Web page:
Trust & Authority
The quality of a backlink (or a site’s backlink profile) has a lot to do with the trust and authority that’s associated with the link’s referring domain or page.
Trust and authority are very similar concepts. We consider authority to be one of the essential components of The Holy Trinity: Relevance, Authority, and Power.
Authority is related to the overall strength of a domain’s backlink profile. Once again, authority is about signaling trust and confidence to search engines like Google. That authority, or lack of authority, will be passed on to your website through backlinks and will either benefit or harm your site.
Generally speaking, a high authority domain will be more valuable to a backlink than the Power of the page the backlink is placed on (which is simply a measure of how many quality backlinks are pointing to that specific page instead of the entire domain). But this isn’t a hard rule and there are always exceptions.
So always aim to acquire links from the most authoritative (and relevant) websites possible. This is an example of how less can be more. A target URL with 10 of the most authoritative referring domains in a niche (e.g. leoburnett.com for photography or edmunds.com for automotive) is going to outperform a site with 1,000 random auto-generated links for that ranking factor (i.e. the referring domain authority) each and every time, all else equal.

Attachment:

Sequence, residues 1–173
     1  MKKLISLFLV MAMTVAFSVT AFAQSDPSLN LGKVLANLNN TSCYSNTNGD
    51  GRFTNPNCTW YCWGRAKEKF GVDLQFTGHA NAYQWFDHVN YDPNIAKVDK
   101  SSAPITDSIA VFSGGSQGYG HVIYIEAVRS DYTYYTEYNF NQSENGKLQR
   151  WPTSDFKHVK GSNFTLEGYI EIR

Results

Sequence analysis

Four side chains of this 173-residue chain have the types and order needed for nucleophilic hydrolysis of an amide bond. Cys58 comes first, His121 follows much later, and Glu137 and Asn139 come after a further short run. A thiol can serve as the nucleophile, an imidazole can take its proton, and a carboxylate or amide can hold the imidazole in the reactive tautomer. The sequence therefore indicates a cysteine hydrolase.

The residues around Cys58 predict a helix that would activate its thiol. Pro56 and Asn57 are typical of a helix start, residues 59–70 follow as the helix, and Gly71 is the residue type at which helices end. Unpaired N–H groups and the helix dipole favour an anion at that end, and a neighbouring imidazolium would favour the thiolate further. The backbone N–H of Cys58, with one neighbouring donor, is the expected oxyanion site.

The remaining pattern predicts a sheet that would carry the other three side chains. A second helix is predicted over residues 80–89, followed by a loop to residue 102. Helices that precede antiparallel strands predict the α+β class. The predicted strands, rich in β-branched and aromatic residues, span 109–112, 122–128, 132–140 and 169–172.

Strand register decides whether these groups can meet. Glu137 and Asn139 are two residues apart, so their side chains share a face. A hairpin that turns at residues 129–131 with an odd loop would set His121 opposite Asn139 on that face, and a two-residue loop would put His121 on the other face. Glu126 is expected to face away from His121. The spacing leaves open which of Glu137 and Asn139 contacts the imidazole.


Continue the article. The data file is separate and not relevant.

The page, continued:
However, if the page you’re trying to rank for is competing with 5 other sites with relatively similar backlink profiles (a good mixture of various types of high quality links), then you will want to focus on acquiring more of those high quality links. Don’t just focus on getting more overall links, but start focusing on building brand authority by getting more high quality links pointing to your homepage, for example.
All else equal, if you can get more quality links (perhaps with branded or URL anchors) pointing to your homepage or relevant content pages then you’re going to look better than another site that’s lacking in these types of links.
It’s important to consider the value of content in increasing the trust and authority of a page a backlink is coming from.